Wednesday, September 25, 2013

The truth about Satyanweshi

The title of this review might appear arrogant for it seems to make a rather lofty claim of unveiling the truth about Rituparno Ghosh’s last film Satyanweshi. What truth needs to be told about this film given to truth-searching itself? The truth which a certain segment of the audience seems to have missed and the truth which might provide a counter-discourse to the mass-slandering the film has been an undeserving victim of. 

My first question: Ghosh had made practically unwatchable films, yet the media went out of its way to praise them. Example: Sob Choritro Kalponik. Example: Khela. Example: The Last Lear. Particularly the local media! Why?  Because, Rituparno Ghosh wielded such power that nobody seemed to have the guts to confront it? Now that he is no more, the slander that was long overdue is being unrestrainedly showered on a film which does not really deserve such harsh disparagement. I can vouch that had he been alive, Satyanweshi would have been, indubitably, espoused by the media as the best Byomkesh adaptation on screen! And such celebration, I would contend, would not have been conceited. Despite its many flaws, Satyanweshi is undeniably the best Byomkesh adaptation, although unfortunately, Ghosh did not have any reputed precedent to compete with: Satyajit Ray’s Chiriyakhana is pathetic, while the two Anjan Dutta films are better forgotten than remembered. 

What is remarkable about the film is that it commendably complicates Sharadindu’s Chora Bali which has a rather weak plot. In fact, Ghosh weaves together two totally unconnected plot strands of the original novel to unravel the complex domestic reality of a feudal family of Balwantpur, whereby a simple whodunit story acquires an intriguing dimension. A rather predictable murder-motive, which unfortunately, becomes evident only after a few pages in the original novel, is located within the larger discourse of patriarchal tyranny and its complicity with an economic base on which human relationships are founded or defined by. The death of the murderer in Satyanweshi is also the death of the tyrannical father, although his death does not assure agency to the daughter left behind. Both Alaka (Arpita Chatterjee) and Lila (Anandi Ghose), the first apparently powerful and the other, totally powerless, turn out to be unsuspecting victims of a system, rather than the brutal conspiracy of an individual. The women, Alaka and Lila, notwithstanding their opposing class positions, end up being (non)actors in a narrative designed and carried forwarded by a master-plotter. Harinath (Anirban Ghosh) is victimized as well, for having unwittingly entered the plot and impeding it, by revealing himself as a potential threat to the finely orchestrated conspiracy that was underway. Immersed in books and music and extraordinarily meticulous about his duties, Harinath offers a counterpoint to a more aggressive masculinity that must always control and eliminate any threat that impedes its mode of operation.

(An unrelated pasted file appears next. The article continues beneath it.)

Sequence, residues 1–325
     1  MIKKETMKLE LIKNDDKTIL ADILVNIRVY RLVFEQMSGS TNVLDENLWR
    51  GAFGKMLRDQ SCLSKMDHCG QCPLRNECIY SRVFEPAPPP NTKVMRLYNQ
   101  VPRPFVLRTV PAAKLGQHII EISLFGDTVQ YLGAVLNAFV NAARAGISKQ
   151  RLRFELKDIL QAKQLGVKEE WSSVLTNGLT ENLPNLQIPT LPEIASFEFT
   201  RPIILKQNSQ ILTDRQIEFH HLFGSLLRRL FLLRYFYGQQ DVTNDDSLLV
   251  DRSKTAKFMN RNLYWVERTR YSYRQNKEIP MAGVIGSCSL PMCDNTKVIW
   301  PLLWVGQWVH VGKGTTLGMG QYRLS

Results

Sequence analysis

Sharadindu’s simplistic Chora Bali, therefore, develops into a layered narrative of power dynamics that work within a class-gender nexus. The film demands painstaking attention from the viewer for the resolution is built-up through dialogue, not much through visuals (which is and has always been a significant drawback of Ghosh films); the activity of watching Satyanweshi is quite akin to reading a book or listening to a story, but that does not mar the experience of watching the film, for the entire film is more of an exercise of the mind for Byomkesh (Sujoy Ghosh), rather than action in the literal sense of the term. Please note how Ghosh very skillfully engineers a pun in the name of the site of action, that is Balwantpur, (on which Sharadindu does not even dwell) to connect it to the main plot.